I don't think the State of CT should be involved in promoting policies in the name of "climate change," because this is an issue for the Federal Government to address and handle. I have watched politicians in the state use climate change to implement more and more fees and taxes that do nothing to address the issue they claim to be fighting. These taxes and fees go into the general fund and get spent on other projects or giveaways to State unions. Our citizens are taxed enough. It is an absolute fraud to pretend that electric cars, solar panels and wind turbines are sufficient to meet the growing energy needs of our state and country. Everyone wants clean air and water but we need an all the above energy policy that doesn't punish one sector in favor of others. When the government picks winners and losers it is the taxpayer who ends up paying the price.
Julie Kushner | Participating Election
Connecticut is set to receive $5 billion in federal infrastructure dollars. I would like to see these dollars focused on "greening our infrastructure". Last legislative session, we allocated $10 million to redesign and engineer improvements in I-84 to reduce congestion. That's really important, however major investments in creating more public transit (light rail/Fast Track bus corridors) from Danbury to Hartford and Hartford to Boston will provide great alternatives to sitting in traffic for hours. The state budget includes dollars for E-bikes -- we need to pair that with a network of safe and accessible bike lanes, sidewalks and trails. We need to transition away from fossil fuels, while ensuring that the jobs created from transitioning and investing in green energy and infrastructure are good jobs with good benefits.
Robert Hotaling | Participating Election
The most urgent problems are rising sea levels and associated flooding, extreme weather and its impacts on potable water. To address extreme weather, we should make strategic investments in alternative energy sources, such as solar and wind power, energy storage as well as heat pumps and insulation to minimize fossil fuel use for space heating. We need to encourage private investments to look at energy as a long-term investment with its associated environmental and economic benefits rather than just savings on a monthly bill. To address rising sea levels and flooding, we’ll have to invest in infrastructure to address storm surges and higher sea levels and associated loss of land.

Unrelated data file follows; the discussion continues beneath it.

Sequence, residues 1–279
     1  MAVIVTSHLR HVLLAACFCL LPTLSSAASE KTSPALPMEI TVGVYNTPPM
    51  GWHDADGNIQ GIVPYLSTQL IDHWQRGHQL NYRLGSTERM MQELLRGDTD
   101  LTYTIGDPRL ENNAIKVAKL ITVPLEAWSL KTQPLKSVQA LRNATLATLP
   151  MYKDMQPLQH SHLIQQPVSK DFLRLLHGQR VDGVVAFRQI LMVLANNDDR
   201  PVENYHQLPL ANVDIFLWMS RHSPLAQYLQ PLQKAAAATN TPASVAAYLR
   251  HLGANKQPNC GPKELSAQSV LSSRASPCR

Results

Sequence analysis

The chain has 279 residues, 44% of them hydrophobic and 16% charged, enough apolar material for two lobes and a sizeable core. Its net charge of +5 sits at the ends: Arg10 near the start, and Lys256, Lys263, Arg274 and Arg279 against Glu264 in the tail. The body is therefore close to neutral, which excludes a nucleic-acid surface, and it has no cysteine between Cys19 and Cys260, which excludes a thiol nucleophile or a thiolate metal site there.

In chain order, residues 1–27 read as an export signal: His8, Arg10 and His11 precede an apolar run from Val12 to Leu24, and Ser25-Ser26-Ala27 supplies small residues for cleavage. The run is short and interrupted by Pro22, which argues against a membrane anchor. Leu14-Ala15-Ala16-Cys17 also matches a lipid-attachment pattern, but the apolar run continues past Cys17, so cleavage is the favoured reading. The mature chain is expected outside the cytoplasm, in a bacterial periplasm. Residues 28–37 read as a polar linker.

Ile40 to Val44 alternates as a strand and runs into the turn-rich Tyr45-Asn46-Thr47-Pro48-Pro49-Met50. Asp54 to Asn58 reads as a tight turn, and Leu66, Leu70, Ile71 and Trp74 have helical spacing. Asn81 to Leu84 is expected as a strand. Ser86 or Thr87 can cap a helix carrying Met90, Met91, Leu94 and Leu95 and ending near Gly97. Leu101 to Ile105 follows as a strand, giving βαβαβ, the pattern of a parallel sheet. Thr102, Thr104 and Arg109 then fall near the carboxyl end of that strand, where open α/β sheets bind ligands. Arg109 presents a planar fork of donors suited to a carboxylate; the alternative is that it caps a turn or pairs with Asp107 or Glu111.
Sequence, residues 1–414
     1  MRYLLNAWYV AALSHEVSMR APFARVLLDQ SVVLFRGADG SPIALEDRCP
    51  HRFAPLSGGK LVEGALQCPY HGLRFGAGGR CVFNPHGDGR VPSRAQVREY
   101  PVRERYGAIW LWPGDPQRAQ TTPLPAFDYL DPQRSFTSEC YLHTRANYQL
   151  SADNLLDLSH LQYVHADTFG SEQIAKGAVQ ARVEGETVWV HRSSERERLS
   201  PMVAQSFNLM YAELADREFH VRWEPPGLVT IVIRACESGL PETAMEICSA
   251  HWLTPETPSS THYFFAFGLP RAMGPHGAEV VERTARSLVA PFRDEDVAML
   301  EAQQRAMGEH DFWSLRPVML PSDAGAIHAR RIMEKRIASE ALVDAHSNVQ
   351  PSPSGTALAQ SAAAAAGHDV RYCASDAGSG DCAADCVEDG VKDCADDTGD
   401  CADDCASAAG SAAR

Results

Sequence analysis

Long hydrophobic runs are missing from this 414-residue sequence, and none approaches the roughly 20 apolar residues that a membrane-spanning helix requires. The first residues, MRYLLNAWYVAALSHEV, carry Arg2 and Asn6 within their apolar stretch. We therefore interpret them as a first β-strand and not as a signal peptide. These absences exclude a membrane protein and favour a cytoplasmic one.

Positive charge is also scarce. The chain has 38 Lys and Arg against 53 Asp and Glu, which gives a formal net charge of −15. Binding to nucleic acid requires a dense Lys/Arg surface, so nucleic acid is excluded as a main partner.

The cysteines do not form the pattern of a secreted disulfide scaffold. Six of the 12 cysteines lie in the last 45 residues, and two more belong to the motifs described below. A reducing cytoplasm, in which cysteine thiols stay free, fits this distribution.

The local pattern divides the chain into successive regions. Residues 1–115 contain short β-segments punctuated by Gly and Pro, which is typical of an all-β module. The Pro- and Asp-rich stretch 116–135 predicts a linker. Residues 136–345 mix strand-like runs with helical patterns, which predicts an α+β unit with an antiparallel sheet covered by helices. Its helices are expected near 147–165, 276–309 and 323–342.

Kimberly Becker | Participating Election
Extreme weather, including flooding along our coastline, poses a real threat to Connecticut’s residents. Extreme weather endangers lives and burdens homeowners with significant property loses. We need to work with all of our communities to help them deal with flooding, drought and other impacts of climate change. I will support science-based solutions to mitigate the impacts to all communities in Connecticut. Our 2nd biggest challenge is to address the long-term health consequences of climate change and pollution. Childhood asthma is closely connected air pollution. I support reducing CT’s reliance on fossil fuels to generate power and invest in clean energy solutions. Not only will green energy improve our cost of generating electricity, but the reduction in emissions will be beneficial for conditions such as asthma.
Frank Smith | Participating Election
I represent Milford, which has the distinction of the longest shoreline in all of CT. We see the impacts first hand as storms are increasing in severity and frequency. While CT cannot solve global climate change on our own, we must continue to reduce our reliance on fossil fuels while also continuing to mitigate the impacts of climate change to our shoreline and our environment more broadly. CT should lead by example for other states and jurisdictions on mitigating climate change. I have been working with our local and congressional delegation partners to construct tidal barriers along our vulnerable coastline.
Jillian Gilchrest | Participating Election
(1) Reduce Waste and Incineration- Our state is faced with waste management issues. I am interested in seeing how we can incentivize towns to implement composting and pay as you throw programs. I also think we should hold producers of packaging more accountable through an Extended Producer Responsibility law. (2) Further reduce PFAS.
Bob Godfrey | Participating Election
We must continue to reduce greenhouse emissions, both in what the state buys and consumes, and incentives for the private sector. We've made a good start, but need to work out more options to fossil fuels including solar, wind, and fuel cell technologies. Years ago I successfully introduced legislation to begin dealing with indoor air quality in schools. That needs to be revisited, including funding.